The Contested Color of Christ: How the image of Jesus has been made and remade in American history

 In the blink of an eye, the prince of peace was a casualty of racism.

Editor’s Note: Edward J. Blum and Paul Harvey’s book may generate more questions than it answers, but their work is crucial for next generation leaders working for justice in a racially divided society.  All the more since Blum and Harvey report that the First Great Awakening was one of the few times in American history where the church actually led the way in racial unity.  They report that in the powerful spiritual experiences in the Jonathan Edwards and George Whitefield led First Great Awakening (c. 1734-1742), “The lack of association between Jesus and whiteness left the spiritual terrain open to linking other peoples to the sacred. Thus a small but significant cohort of American Indians moved toward Christ, as did a charter generation of African-Americans.”
We’re a little fearful about posting something with political overtones in a political season, but we need to address these issues head on to have any hope of helping lead a next “great awakening” toward genuine and lasting racial unity in the Body of Christ and beyond?

 

How the image of Jesus has been made and remade in American history

by Edward J. Blum and Paul Harvey in The Chronicle of Higher Education

A stained-glass window in the 16th Street Baptist Church, in Birmingham, Ala., was installed in 1965 to replace one destroyed in a racially motivated bombing in 1963.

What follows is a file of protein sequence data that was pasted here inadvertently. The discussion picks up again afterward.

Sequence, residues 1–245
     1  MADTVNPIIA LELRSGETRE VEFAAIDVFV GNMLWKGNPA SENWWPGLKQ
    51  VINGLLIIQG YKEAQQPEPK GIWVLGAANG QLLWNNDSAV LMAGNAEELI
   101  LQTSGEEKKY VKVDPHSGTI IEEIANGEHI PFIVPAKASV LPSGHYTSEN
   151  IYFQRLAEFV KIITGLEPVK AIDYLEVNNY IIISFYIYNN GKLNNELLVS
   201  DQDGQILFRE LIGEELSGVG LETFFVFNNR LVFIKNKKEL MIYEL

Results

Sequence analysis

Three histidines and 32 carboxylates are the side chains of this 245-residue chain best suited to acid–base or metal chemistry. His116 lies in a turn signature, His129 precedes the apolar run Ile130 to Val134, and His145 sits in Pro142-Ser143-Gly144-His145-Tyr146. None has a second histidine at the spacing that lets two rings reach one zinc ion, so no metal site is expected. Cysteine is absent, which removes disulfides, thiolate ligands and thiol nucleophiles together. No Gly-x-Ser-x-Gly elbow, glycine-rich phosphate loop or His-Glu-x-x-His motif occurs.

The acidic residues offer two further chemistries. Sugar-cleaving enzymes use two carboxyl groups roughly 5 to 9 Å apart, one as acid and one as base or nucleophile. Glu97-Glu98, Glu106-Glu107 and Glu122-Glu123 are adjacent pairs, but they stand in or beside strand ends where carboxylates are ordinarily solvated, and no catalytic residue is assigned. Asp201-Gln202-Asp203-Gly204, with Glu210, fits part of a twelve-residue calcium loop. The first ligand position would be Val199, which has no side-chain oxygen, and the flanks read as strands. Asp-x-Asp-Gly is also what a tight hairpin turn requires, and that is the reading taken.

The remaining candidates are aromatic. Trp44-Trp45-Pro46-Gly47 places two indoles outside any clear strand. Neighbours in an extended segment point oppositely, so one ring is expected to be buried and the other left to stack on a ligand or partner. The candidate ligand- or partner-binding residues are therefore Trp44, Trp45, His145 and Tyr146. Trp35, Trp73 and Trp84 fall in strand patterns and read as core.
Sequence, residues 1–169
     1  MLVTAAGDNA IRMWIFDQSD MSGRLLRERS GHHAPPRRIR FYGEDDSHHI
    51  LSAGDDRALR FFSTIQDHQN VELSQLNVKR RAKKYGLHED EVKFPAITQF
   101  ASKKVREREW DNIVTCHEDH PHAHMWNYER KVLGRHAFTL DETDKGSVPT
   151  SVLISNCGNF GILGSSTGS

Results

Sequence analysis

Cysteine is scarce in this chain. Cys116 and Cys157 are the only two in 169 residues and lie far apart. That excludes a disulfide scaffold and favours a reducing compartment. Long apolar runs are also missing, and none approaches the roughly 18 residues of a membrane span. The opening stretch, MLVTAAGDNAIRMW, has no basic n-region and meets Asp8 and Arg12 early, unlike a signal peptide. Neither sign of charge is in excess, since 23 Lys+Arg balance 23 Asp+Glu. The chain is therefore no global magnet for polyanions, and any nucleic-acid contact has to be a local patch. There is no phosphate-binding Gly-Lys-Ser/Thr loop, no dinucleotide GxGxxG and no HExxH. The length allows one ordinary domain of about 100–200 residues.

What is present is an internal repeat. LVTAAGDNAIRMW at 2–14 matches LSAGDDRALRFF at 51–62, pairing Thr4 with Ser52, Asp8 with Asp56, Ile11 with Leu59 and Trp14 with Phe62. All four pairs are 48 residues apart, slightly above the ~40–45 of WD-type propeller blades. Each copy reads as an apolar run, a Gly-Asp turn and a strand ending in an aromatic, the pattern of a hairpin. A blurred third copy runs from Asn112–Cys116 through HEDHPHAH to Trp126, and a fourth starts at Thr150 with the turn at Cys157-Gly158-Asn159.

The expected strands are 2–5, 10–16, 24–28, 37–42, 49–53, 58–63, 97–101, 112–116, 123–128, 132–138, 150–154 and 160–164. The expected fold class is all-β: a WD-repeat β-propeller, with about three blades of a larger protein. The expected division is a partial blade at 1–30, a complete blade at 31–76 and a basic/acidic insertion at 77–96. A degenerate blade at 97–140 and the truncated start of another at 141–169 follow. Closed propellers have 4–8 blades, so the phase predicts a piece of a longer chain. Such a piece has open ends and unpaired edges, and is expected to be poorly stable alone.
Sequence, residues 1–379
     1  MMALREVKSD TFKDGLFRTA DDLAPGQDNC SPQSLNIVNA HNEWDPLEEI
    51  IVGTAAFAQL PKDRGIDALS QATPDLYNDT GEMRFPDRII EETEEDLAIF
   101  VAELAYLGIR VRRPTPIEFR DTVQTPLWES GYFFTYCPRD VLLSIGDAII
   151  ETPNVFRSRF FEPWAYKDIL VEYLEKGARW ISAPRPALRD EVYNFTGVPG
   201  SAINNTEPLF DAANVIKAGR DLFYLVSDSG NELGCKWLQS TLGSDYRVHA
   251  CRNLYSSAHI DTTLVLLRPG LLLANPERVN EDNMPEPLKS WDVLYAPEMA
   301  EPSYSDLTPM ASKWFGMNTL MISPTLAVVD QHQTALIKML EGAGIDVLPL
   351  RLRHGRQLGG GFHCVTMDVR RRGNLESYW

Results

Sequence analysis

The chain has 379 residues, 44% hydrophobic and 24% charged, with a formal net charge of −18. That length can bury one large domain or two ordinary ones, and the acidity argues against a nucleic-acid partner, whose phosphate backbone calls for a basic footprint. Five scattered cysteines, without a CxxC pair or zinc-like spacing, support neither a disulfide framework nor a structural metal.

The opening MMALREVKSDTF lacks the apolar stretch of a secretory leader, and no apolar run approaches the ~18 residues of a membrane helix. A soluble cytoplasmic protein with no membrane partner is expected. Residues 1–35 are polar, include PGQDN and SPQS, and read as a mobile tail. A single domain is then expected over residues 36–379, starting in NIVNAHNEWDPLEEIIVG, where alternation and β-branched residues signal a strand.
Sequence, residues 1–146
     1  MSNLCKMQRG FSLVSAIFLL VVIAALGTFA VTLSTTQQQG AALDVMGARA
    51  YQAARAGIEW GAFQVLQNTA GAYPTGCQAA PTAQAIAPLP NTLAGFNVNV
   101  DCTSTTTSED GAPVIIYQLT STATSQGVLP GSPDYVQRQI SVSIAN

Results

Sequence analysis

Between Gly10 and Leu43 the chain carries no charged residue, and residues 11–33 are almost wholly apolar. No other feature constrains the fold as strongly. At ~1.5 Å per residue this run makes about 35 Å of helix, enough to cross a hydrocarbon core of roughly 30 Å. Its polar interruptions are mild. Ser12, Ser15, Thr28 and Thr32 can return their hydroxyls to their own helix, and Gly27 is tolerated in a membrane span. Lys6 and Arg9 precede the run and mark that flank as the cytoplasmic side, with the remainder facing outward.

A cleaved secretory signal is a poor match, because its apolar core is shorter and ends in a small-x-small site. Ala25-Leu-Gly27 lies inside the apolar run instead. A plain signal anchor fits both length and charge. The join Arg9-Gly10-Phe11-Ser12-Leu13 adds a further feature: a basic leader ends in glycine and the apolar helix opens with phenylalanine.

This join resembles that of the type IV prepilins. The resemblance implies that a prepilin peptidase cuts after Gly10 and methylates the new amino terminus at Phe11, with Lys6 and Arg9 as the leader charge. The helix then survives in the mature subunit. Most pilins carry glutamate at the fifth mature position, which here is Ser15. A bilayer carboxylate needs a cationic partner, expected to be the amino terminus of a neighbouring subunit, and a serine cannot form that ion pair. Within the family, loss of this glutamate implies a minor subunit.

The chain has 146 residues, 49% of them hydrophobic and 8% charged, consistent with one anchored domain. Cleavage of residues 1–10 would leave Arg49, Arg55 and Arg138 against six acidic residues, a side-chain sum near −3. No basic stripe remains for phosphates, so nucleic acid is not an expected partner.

In a world filled with images of Jesus, this one made headlines. He stood in a stained-glass window wearing a simple white robe and a dark tunic. When sunlight struck the glass just so, kindness radiated from his white face and warmth from his brown eyes.

This was a comforting Jesus, and for decades he had been with this black congregation in Birmingham, Ala. But on Sunday morning, September 15, 1963, less than three weeks after Martin Luther King Jr. proclaimed his dream of racial equality, dynamite set by white supremacists exploded outside the 16th Street Baptist Church, and four little girls who had gone to the basement lounge to freshen up were dead. The face of Jesus shattered into a thousand shards of glass. In the blink of an eye, the prince of peace was a casualty of racism.

The bombing would become a pivotal moment in the civil-rights movement of the 1960s. The outrage that grew around the nation helped spur the voting-rights campaign and pave the way for passage of the Civil Rights Act of 1964. By 2004, two days after winning the Democratic nomination for a U.S. Senate seat, Barack Obama flew to Birmingham to give a speech at the city’s Civil Rights Institute. He took the opportunity to cross the street and visit the church, by then a national historic landmark. When he entered, he observed a “still-visible scar” along the wall where the bomb had gone off. He saw portraits of the four young girls and thought about his two little daughters at home. He sat to pray, and above him in stained glass was the Jesus installed in 1965 to commemorate the bombing. This one seems sad, his arms stretched out, crucified. His hair is short, cropped; his face black.